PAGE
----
Friday, July 16, 2010

ACU Scores Not Currently Informative

The pundits are up in arms.  How could Congressman Bob Inglis, with a lifetime ACU score of 93+, possibly lose his primary?  (And by 42 points no less!) How could Senator Bennett, with a life ACU of 83+, have been sunk at the Utah GOP convention?  What are these crazy tea-baggers thinking?

The ACU score is sometimes a useful yard stick.  I've used it myself to guesstimate which Congressional districts might be up for grabs, and to see how far a Republican can go in the moderate-to-liberal direction before he or she makes serious waves among the Republican base.  (Broadly speaking, 60's is squishy but generally tolerable, 50-ish is the danger zone, and anything below 50 means serious heartburn of the Specter and Chafee variety.)

But fundamentally, the ACU score is based on a flawed model, and we should be careful not to misapply ACU scores.  Politics is not uni-dimensional.  It's not bi-dimensional.  It is not even entirely rational from a technical perspective, so any model relying on simple distributions is going to fail from time to time.

This is one of those times.

Let's look at Inglis.  Since losing, Inglis has thrown a temper tantrum against tea partiers, accusing them of racism and demagoguery, and going on Chris Matthews' show as a stooge so Matthews could beat up on conservatives.  If this is any indication of how he behaved before the election, then his constituents were right to give him the boot.  Inglis voted to ban standard incandescent light bulbs -- hardly a conservative sentiment, and an issue that literally reaches into every home in America and tells people how to live.  He voted for TARP, and against a troop surge in Iraq.  (Both of those latter issues are debatable on the merits, but one can see where Inglis has transgressed the party line.)  And he ran a decidedly negative campaign, which certainly didn't improve his image.  In short, Inglis went DC-native, so to speak.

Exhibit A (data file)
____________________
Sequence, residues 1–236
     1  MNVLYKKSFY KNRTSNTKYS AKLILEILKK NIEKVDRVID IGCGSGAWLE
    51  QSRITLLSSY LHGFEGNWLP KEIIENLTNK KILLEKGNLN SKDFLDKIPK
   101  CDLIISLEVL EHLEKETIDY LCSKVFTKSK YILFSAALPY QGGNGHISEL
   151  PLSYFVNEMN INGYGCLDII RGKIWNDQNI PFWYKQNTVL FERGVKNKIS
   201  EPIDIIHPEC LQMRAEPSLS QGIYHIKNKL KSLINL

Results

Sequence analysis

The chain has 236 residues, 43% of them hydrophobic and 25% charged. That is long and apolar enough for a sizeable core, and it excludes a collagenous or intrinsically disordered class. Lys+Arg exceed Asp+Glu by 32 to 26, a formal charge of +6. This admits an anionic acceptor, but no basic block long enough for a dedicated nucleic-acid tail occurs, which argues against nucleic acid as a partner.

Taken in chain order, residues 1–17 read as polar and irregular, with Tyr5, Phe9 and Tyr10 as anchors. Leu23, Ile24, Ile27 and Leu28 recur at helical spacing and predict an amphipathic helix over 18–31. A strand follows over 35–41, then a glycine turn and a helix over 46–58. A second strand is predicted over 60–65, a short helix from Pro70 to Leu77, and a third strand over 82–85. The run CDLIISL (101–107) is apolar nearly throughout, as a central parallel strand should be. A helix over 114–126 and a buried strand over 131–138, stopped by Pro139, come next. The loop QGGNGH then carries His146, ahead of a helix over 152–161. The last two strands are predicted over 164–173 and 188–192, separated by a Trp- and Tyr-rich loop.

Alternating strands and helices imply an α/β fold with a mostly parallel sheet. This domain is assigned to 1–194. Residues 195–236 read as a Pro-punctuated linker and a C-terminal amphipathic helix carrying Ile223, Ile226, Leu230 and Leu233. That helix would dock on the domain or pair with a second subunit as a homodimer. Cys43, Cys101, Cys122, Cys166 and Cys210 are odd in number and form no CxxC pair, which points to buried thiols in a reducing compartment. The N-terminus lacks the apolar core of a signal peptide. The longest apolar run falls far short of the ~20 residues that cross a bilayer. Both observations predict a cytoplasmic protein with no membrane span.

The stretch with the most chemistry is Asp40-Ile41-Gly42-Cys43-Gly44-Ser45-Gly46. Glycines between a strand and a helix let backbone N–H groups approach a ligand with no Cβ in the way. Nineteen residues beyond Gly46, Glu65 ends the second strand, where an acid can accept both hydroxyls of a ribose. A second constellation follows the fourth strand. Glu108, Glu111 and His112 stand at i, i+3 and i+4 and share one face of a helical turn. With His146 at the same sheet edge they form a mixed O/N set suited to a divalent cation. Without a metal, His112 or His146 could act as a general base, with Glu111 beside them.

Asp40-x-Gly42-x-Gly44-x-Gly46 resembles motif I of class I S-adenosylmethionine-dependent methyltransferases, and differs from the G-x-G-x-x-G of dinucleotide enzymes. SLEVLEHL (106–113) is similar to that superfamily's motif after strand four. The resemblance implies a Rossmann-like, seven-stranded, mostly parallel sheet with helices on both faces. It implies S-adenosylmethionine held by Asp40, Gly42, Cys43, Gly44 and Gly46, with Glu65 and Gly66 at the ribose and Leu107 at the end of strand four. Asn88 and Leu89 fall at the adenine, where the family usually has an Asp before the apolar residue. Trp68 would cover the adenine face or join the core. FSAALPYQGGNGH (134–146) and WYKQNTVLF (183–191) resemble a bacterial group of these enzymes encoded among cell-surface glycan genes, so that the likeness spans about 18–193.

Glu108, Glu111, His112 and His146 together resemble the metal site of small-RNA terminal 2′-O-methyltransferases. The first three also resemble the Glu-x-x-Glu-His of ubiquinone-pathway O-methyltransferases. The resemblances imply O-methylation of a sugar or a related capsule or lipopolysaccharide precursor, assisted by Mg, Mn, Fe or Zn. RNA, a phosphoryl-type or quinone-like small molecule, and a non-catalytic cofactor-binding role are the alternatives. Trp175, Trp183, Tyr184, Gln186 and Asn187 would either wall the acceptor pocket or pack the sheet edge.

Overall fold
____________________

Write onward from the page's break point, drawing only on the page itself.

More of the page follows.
Now, by National Journal's reckoning, Inglis is a 76% Republican, which is still pretty Republican by most standards.  But it isn't 93. 

And really, that's not even the point.  The point is that the ideological distribution curve has broken down in a serious way.  Voters, base voters and swing voters, are heavily discounting ideological considerations in favor of candidates who say appealing things about how to address the nation's problems. What people normally think of as "conservative" and "liberal" carries much less weight than it has in previous years.

When politicians lose touch with what the electorate wants, they get axed.  That has almost nothing to do with ideology.

So when I see proclamations of everlasting doom because the Republicans nominated some "tea party candidates" here and there, I've got to take that with a grain of salt.  Strike that -- a huge, industrial sized salt-lick.

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